Hi, is it possible to differentiate; -(1/3)ln|secx|.exp(x).sinx?? do we go about doing this the same way as normal differentiation for example; first differentiate ln|secx| only and so on......?
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Use the product rule. The product is $\displaystyle -\frac{1}{3}\ln |\sec x| \cdot e^x \sin x$. Then, to differentiate [Math]e^x \sin x[/tex] use the product rule again.
Originally Posted by mathsShOck Hi, is it possible to differentiate; -(1/3)ln|secx|.exp(x).sinx?? do we go about doing this the same way as normal differentiation for example; first differentiate ln|secx| only and so on......? yes, it can be differentiated. use the product rule for three functions. $\displaystyle \frac d{dx}[fgh] = f'gh + fg'h + fgh'$ where $\displaystyle f,g, \text{ and }h$ are functions of $\displaystyle x$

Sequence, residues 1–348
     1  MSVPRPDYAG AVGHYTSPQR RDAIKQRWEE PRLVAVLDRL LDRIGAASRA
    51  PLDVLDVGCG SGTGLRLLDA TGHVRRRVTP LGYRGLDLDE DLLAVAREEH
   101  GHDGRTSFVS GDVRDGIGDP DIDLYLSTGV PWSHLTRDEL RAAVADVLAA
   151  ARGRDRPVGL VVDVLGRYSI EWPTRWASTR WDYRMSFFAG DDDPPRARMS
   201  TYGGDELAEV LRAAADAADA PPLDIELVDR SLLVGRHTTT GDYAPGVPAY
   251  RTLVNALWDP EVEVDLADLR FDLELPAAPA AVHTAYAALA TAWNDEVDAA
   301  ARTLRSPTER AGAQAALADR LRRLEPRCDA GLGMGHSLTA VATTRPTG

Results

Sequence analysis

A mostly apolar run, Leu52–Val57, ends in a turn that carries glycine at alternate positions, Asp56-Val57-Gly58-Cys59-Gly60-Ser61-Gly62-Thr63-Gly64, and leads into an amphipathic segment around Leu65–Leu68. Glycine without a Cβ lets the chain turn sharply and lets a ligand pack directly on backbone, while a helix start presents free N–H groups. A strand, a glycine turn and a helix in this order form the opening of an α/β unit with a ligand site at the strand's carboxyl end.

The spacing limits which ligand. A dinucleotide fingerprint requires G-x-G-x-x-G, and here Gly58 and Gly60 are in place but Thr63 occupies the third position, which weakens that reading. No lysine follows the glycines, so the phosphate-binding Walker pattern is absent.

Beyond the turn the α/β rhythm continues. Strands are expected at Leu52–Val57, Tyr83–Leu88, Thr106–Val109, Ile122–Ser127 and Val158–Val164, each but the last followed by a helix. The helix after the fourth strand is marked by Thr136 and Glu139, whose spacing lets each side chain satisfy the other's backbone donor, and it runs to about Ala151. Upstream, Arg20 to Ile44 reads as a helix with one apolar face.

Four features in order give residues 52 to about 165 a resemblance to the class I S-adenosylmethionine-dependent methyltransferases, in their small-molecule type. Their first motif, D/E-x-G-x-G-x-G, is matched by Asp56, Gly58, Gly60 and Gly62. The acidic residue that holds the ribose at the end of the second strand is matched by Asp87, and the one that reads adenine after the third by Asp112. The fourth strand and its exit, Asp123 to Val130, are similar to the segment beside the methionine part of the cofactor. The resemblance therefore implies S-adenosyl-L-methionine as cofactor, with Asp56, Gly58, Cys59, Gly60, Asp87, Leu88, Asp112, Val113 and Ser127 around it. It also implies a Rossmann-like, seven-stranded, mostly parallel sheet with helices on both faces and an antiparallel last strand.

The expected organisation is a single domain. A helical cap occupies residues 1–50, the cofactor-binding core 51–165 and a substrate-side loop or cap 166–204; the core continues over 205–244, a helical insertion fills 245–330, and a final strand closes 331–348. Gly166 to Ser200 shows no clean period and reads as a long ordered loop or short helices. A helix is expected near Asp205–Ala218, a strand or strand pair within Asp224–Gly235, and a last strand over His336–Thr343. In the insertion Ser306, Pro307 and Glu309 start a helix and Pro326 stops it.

Thank you people I got it now.
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